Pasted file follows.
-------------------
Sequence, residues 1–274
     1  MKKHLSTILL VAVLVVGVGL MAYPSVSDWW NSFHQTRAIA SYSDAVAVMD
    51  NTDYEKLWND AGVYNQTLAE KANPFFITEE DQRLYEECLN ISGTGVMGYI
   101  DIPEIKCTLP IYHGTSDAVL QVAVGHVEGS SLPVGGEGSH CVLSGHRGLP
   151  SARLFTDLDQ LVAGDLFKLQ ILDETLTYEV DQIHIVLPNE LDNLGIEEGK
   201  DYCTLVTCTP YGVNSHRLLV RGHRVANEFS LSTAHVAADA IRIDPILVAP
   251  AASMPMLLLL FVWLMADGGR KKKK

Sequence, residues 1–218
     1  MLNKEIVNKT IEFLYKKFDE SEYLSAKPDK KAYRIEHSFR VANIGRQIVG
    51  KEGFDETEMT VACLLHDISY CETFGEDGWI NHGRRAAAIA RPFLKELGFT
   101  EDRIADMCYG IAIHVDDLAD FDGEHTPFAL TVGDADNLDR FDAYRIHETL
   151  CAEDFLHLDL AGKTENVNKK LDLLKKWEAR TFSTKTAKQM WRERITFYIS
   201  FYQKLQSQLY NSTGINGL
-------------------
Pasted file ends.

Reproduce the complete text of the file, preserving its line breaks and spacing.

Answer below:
Sequence, residues 1–274
     1  MKKHLSTILL VAVLVVGVGL MAYPSVSDWW NSFHQTRAIA SYSDAVAVMD
    51  NTDYEKLWND AGVYNQTLAE KANPFFITEE DQRLYEECLN ISGTGVMGYI
   101  DIPEIKCTLP IYHGTSDAVL QVAVGHVEGS SLPVGGEGSH CVLSGHRGLP
   151  SARLFTDLDQ LVAGDLFKLQ ILDETLTYEV DQIHIVLPNE LDNLGIEEGK
   201  DYCTLVTCTP YGVNSHRLLV RGHRVANEFS LSTAHVAADA IRIDPILVAP
   251  AASMPMLLLL FVWLMADGGR KKKK

Sequence, residues 1–218
     1  MLNKEIVNKT IEFLYKKFDE SEYLSAKPDK KAYRIEHSFR VANIGRQIVG
    51  KEGFDETEMT VACLLHDISY CETFGEDGWI NHGRRAAAIA RPFLKELGFT
   101  EDRIADMCYG IAIHVDDLAD FDGEHTPFAL TVGDADNLDR FDAYRIHETL
   151  CAEDFLHLDL AGKTENVNKK LDLLKKWEAR TFSTKTAKQM WRERITFYIS
   201  FYQKLQSQLY NSTGINGL